- Double Dragon
- Double Dragon (NES / Game Boy)
- Double Dragon 2 (Arcade)
- Double Dragon II (NES/PCE)
- Double Dragon 3 (Arcade)
- Double Dragon III (NES)
- Double Dragon II (Game Boy)
- Super Double Dragon
- Double Dragon V
- Double Dragon (Neo Geo)
- Rage of the Dragons
- Double Dragon: The Revenge of Billy Lee
- Double Dragon Advance
- Double Dragon (Mobile)
- Double Dragon II: Wander of the Dragons
- Double Dragon (Zeebo)
- Double Dragon Neon
Even though the second Game Boy offering is called Double Dragon II, it uses the cover art from the NES Double Dragon III, but the game inside is neither of the two. In fact, it originally was not even a Double Dragongame. After the first portable title alread included a few elements from the sequel, Technōs apparently didn’t bother with creating yet another remix, so they just took a Game Boy game they already had – an entry in the long-running Kunio-kun series – and gave it a gritty facelift, much like they did with Renegade. (See the Kunio-kun article for a direct comparison.)
Since both series were made by the same developer in the same genre, the result isn’t totally different from a true Double Dragon game. If anything, it works better with the new sprites, since something always felt a bit off with the oddly proportioned Kunio characters. The moves tend to be a bit more exaggerated. If an enemy is hunched over, the next kick is always a high jump kick, and the heroes can leap over to stomp on downed opponents – a very Kunio-kun like attack. The biggest difference is the lack of a jump. Pressing both buttons together instead makes the character crouch down, which can be used to avoid attacks but also as an opener for a jumping uppercut. Overall, the moveset is a bit more limited than Double Dragon fans will be used to.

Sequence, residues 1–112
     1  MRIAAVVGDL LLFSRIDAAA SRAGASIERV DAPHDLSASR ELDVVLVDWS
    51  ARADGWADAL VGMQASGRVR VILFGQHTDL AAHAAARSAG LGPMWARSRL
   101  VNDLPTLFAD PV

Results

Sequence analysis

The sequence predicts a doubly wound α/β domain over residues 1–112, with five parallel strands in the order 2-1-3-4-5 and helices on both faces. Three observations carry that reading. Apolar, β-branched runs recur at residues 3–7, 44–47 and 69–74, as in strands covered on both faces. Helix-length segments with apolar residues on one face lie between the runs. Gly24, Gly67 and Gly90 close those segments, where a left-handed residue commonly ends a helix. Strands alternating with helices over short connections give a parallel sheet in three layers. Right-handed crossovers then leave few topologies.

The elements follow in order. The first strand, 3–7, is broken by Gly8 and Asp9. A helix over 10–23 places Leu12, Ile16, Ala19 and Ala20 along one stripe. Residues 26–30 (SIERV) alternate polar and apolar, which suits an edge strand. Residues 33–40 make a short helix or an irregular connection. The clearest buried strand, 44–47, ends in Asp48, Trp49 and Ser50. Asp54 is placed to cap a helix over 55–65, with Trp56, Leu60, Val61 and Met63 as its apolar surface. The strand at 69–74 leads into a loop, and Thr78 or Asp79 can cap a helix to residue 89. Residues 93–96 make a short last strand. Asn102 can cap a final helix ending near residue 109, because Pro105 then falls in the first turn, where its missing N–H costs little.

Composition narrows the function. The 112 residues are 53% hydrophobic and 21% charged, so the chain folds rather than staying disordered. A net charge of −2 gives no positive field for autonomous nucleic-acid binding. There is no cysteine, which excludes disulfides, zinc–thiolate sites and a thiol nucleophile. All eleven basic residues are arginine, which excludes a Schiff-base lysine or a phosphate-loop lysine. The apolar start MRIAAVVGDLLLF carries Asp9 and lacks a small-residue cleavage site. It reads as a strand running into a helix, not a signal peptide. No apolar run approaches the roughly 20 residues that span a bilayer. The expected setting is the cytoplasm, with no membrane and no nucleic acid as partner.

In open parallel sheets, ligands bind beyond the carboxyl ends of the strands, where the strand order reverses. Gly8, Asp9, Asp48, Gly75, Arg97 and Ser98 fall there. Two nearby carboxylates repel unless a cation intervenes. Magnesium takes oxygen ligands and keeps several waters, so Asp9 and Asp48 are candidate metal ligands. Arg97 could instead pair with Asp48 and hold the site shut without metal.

Oddly, the most Kunio-kun feeling part of the game is the music. Even though it was completely replaced from the original, it still is much more upbeat and faster than a typical Double Dragon soundtrack, and if anything invokes memories of playing Nintendo World Cup.
Unfortunately, the game is just kind of dull. Aside from the occasional subway sidewalk to fall down, there are no traps in the flat stages. The game is so bankrupt of ideas, it makes you go through basically the same subway ride twice, complete with subway station segments for entry and exit, only swapping out some of the gangsters with their stronger superiors. Most enemies can be dealt with using the same simple approach, except for the many armed foes in the later game. At least you get to fight cool bosses like Jason Vorhees with a chainsaw, a ninja who can disappear in a puff of smoke, and a fat guy who throws you on the floor so he can sit on you. They won’t be as fun to fight in the ultra hard boss rush at the end, though.
With only three lives and no continues, the game can get quite frustrating and unfair, especially considering you never get to use any weapons despite many enemies coming into the fight with familiar Double Dragonmainstays like bats, knives and chains. The game also does that annoying D.D. Crew thing (although it predates that game) where you can never hit multiple opponents at once even if they stand in the same spot, enabling one to counter attack while you hit the other. This forces an approach to crowd control that’s opposite from most beat-em-ups and common fighting sense alike, by trying to keep the enemies scattered to both sides.